Oliver Review

The Montgomery, Sheffield – until 30 June

Reviewed by Lottie Davis-Browne


Every time I see an advertisement for Sheffield based theatre company Easy Street, I start singing the song of the same name from the 1982 musical Annie! Not only that I turn all “jazz hands” and start wishing I could physically kick my legs to one side and start copying the movie’s dance routine! You know you have an addiction to theatre when this happens……

However the latest instalment from Easy Street is the musical about the other rags-to-riches orphan – Lionel Barts’ adaptation of the classic Charles Dicken’s novel “Oliver!”, running from Wednesday 27th June to Saturday 30th June at The Montgomery Theatre.

Now in their ninth year, Easy Street Theatre Company has both a junior (up to Year 6) and a senior group, giving young performers in Sheffield a chance to be part of large productions. As they approach their tenth year, the company celebrates going from strength-to-strength as their team of young performers have increased over the years, putting their senior section at full capacity with a waiting list, and the junior section being close to full.

Oliver tells the story of a young orphaned boy in London, in the Victorian era. Oliver Twist is only hours old when he is orphaned following his mother’s death and taken to the local workhouse where this story starts, as we meet Oliver and his fellow workhouse orphans.

As the opening song “Food, Glorious Food” intro starts, the orphans enter the stage through the back of the aisles; these malnourished, dirty and disheveled young boys, forced to work long hours in Mr. Bumbles’ workhouse and live on a diet of gruel (that’s watered down porridge to you and I!). It’s meal time and the boys sit round long wooden tables with benches; above a wooden sign reads “God Is Love”, a measly portion of gruel is served and young Oliver approaches Mr. Bumble asking for more. Angered by this, cold hearted Mr. Bumble (Harry Foster-Major) decides enough is enough and takes to the streets to sell Oliver as a servant boy. Taken in by funeral director Mr. Sowerby (Jacob Broughton-Glerup) and Mrs. Sowerby (Hannah Prichard) young Oliver (is set to become an assistant, walking alongside the coffin bearers. That is until he gets into a fight and runs away. Soon he is picked up by a pickpocket who goes by the name of The Artful Dodger (Ben Storey) and taken to live with gang leader Fagin (Ethan Carley) and a load of other young pickpocket orphans.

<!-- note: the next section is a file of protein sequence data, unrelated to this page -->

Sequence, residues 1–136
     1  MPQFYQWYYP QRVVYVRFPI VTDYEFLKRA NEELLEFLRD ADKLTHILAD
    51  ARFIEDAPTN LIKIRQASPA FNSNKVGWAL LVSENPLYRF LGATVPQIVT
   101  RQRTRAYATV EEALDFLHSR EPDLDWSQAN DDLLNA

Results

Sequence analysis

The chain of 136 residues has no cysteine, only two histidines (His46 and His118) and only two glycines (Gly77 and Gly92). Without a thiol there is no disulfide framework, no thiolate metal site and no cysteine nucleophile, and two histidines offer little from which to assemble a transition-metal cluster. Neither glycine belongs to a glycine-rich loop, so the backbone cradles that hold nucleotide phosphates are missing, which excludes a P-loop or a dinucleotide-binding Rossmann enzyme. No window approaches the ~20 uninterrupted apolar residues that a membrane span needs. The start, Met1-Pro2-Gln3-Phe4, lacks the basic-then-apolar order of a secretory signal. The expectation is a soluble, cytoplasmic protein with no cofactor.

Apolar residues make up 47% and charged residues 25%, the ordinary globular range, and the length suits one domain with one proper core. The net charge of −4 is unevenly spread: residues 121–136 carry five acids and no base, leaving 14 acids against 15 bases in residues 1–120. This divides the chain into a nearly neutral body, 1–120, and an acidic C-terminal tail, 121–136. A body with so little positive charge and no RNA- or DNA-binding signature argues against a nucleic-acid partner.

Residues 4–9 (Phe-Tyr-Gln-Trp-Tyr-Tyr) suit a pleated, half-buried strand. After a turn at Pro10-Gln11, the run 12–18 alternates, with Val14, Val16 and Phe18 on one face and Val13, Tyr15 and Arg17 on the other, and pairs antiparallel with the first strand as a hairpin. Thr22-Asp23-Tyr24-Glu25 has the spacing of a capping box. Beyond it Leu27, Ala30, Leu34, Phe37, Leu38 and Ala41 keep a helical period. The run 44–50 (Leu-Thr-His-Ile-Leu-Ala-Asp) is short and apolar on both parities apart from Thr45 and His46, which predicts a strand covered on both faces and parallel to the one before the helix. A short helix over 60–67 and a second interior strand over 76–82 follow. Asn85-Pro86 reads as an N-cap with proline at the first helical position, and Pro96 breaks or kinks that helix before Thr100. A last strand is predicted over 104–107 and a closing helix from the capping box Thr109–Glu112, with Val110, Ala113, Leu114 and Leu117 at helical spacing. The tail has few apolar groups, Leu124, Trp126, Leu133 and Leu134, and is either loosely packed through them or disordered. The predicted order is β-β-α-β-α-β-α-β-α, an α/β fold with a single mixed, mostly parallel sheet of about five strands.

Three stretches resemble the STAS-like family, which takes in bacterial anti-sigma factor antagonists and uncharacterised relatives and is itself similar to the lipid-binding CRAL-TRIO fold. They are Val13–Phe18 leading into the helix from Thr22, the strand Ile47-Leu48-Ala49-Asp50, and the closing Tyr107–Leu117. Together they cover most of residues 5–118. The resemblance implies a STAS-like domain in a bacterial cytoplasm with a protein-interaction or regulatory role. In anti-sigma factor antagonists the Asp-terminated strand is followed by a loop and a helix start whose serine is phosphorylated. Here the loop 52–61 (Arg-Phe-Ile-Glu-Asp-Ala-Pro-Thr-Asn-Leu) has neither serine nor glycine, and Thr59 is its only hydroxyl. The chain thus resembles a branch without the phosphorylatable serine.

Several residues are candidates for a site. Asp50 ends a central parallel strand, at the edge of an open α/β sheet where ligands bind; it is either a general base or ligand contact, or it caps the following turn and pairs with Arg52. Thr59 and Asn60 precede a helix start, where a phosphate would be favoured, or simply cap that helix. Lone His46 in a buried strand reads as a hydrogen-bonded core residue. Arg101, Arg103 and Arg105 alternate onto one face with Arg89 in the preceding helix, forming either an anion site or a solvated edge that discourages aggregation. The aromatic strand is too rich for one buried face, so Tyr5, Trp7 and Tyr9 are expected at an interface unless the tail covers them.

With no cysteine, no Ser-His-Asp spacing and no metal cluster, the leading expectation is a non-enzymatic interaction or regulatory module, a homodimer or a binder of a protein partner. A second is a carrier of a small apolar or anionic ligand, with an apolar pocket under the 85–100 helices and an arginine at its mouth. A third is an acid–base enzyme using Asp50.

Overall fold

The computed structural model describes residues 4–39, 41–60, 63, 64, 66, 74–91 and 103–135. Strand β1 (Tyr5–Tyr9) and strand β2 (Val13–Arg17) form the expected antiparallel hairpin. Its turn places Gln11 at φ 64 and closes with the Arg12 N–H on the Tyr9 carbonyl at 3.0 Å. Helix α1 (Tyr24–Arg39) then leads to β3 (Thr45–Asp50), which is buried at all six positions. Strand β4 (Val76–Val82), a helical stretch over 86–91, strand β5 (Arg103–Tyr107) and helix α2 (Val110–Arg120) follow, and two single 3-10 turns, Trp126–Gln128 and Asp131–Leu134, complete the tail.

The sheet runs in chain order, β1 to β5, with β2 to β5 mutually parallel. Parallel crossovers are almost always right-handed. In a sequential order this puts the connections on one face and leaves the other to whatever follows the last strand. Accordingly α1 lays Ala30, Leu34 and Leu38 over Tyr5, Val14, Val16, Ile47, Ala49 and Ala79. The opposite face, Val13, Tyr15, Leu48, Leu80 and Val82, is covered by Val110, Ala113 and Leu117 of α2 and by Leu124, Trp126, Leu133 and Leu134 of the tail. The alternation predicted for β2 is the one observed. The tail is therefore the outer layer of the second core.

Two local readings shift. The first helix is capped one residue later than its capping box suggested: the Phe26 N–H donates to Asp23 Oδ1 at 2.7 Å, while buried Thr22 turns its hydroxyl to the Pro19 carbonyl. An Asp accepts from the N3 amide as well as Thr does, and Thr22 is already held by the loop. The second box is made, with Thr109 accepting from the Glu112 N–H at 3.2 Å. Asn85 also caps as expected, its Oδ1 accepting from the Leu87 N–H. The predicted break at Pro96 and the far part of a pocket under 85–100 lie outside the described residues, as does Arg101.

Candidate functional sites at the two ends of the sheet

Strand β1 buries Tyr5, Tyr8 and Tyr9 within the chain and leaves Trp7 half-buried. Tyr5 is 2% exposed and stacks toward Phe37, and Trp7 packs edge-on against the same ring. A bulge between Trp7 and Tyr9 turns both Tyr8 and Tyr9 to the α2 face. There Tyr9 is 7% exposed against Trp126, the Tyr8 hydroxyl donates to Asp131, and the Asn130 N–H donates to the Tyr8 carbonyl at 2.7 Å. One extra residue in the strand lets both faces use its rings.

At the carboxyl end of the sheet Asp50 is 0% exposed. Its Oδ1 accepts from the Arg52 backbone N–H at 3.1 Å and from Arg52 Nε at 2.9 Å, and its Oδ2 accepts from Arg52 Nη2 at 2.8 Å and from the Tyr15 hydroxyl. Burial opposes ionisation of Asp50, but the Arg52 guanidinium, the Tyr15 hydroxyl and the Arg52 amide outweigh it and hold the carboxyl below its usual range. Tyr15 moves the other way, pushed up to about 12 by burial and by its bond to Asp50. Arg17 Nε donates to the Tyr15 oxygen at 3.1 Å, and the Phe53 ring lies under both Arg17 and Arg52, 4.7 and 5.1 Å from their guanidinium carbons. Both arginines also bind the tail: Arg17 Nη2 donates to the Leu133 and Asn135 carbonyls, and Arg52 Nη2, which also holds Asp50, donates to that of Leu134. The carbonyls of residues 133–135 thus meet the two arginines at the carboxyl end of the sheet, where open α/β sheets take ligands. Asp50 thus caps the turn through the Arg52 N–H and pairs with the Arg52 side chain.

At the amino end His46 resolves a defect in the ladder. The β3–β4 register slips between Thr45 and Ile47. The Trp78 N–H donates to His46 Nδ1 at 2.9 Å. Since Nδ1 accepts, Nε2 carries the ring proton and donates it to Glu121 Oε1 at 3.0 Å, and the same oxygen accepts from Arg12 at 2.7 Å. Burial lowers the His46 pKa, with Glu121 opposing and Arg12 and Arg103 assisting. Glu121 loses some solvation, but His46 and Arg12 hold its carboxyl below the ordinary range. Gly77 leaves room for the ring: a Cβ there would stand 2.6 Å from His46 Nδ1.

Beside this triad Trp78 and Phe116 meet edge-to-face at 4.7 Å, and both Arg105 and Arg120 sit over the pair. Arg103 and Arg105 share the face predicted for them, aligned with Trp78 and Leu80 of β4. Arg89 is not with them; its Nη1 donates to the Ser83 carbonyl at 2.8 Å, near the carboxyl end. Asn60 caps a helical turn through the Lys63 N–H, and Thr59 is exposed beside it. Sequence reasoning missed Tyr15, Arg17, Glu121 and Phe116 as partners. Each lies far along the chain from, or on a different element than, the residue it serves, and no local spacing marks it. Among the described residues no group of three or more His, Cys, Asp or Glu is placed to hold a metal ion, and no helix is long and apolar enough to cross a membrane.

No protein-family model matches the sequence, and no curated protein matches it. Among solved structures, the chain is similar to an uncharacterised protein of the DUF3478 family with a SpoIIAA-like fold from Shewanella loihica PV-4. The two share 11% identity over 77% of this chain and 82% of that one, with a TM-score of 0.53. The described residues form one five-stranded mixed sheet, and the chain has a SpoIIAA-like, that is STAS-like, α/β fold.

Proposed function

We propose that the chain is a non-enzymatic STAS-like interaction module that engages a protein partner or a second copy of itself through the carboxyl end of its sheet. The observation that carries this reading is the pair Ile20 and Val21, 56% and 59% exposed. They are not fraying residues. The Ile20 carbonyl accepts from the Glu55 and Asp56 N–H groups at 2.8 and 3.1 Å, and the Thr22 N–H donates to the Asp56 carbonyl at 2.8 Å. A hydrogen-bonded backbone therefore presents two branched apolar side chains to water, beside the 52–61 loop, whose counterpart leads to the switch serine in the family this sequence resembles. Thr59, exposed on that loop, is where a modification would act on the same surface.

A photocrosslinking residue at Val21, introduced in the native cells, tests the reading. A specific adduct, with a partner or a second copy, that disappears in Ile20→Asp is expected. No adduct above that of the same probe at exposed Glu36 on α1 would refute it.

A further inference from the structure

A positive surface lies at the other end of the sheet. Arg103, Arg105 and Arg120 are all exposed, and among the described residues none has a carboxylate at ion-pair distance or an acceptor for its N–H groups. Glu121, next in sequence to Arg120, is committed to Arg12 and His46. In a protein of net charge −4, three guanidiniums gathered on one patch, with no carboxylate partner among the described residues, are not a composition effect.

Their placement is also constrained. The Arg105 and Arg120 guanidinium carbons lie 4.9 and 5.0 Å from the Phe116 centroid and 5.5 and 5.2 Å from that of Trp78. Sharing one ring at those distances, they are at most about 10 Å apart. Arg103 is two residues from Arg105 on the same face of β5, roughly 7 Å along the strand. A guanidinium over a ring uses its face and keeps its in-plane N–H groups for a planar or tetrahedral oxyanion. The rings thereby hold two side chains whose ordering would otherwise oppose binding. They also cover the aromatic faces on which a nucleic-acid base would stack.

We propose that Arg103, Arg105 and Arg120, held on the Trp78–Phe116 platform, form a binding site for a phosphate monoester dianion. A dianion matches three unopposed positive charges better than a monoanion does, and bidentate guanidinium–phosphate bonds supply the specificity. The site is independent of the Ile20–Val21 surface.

Both the roles of Oliver and The Artful Dodger are shared between two boys (four boys in total), and this evenings two young leads certainly did not disappoint. Firstly, Benjamin Rossiter gave a splendid performance as the title character, his voice at times was angelic and he managed to hit most of those high notes, particularly in the more challenging songs such as “Where Is Love?” Ben Storey was equally charming and vocally mature, proving he could not only sing but dance and act – simultaneously too! Katherine Rice (“Nancy”) and Ethan Carley (“Fagin”) however were the real show stealers this evening.

Rice’s powerful vocals, especially in the solo “As Long As He Needs Me” were in another league; I’m sure it won’t be long until we are seeing Katherine Rice perform in bigger venues in even more challenging roles.

Carley’s Fagin was on dead ringer for Ron Moody’s portrayal in the 1968 movie adaptation. It was almost like they’d got Moody’s character on in hologram form because the similarities were uncanny. Carley was most definitely the highlight of the performance for me, and I am saddened to hear that this is his last role with Easy Street, but this can only lead to bigger and better things for Carley and I wish him every success for the future.

My only bug bear of this production was the major lack of scenery; the stage set was minimalist however this worked well but it was the over use of a cream back sheet for most of it. Surely with the amount of kids involved there’s enough budding artists to paint scenic backdrops to fit the scenes? Or how about having a separate section for kids set up for none performers who can learn everything from costume making to lighting and sound, front of house, advertising and media to stage sets and designs? This aside the level of performers has come on leaps and bounds since my last visit to an Easy Street production.

Tickets are still available, and at affordable prices meaning you won’t have to pick a pocket (or two!) to see this worthwhile performance.

For tickets please call the Montgomery Box Office on 0114 3273456.